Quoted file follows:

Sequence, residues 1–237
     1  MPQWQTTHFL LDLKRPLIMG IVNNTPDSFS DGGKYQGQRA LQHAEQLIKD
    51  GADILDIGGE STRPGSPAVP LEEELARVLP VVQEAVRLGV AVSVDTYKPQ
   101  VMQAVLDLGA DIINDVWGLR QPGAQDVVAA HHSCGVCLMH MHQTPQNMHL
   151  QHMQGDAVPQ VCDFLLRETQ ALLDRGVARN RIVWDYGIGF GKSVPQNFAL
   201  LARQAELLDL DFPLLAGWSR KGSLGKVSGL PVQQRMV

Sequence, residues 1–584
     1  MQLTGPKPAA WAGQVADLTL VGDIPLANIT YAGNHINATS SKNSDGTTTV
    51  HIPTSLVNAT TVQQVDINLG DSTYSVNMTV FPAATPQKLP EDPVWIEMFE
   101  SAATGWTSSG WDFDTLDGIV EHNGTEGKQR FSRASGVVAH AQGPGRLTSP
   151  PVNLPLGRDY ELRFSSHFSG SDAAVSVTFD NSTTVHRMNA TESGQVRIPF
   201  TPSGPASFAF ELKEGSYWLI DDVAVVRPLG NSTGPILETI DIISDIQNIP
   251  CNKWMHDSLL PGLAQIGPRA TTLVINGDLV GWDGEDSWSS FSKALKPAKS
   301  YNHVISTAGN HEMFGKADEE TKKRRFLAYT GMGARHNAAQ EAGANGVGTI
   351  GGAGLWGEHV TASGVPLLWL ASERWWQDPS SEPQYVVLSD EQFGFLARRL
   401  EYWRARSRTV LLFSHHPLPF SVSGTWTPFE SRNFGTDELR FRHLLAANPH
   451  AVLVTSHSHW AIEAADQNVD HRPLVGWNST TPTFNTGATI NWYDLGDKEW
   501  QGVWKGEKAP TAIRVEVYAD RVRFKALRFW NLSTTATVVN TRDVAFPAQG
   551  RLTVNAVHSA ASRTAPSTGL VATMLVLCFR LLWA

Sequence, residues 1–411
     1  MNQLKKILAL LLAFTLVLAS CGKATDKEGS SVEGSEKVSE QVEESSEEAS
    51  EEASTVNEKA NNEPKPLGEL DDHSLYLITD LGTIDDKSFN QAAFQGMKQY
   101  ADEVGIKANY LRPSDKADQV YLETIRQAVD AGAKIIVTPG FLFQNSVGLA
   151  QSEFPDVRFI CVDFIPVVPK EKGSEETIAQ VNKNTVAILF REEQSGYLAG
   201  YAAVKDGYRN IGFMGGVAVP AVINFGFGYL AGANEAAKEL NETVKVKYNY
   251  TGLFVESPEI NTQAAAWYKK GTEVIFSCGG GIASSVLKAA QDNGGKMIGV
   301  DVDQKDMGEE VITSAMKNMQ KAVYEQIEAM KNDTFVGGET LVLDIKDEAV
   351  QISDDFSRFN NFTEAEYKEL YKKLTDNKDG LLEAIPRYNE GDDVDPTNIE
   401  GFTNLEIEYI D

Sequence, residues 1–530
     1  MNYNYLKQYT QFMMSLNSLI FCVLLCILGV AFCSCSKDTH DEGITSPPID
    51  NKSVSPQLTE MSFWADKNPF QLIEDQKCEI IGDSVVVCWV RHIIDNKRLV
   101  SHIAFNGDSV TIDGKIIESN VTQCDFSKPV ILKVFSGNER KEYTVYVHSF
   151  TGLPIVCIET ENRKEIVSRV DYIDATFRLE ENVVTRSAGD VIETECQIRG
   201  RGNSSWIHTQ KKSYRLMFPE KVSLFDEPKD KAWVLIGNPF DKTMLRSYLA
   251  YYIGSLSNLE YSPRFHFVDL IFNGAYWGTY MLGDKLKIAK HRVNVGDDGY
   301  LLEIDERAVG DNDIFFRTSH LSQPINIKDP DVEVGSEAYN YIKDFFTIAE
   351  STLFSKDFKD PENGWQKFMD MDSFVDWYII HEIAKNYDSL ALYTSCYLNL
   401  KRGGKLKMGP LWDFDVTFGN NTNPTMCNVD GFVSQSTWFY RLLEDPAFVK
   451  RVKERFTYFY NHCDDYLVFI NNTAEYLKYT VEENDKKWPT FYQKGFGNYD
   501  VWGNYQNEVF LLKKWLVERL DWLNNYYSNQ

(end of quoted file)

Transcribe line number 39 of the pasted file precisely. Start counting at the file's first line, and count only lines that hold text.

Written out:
   401  KRGGKLKMGP LWDFDVTFGN NTNPTMCNVD GFVSQSTWFY RLLEDPAFVK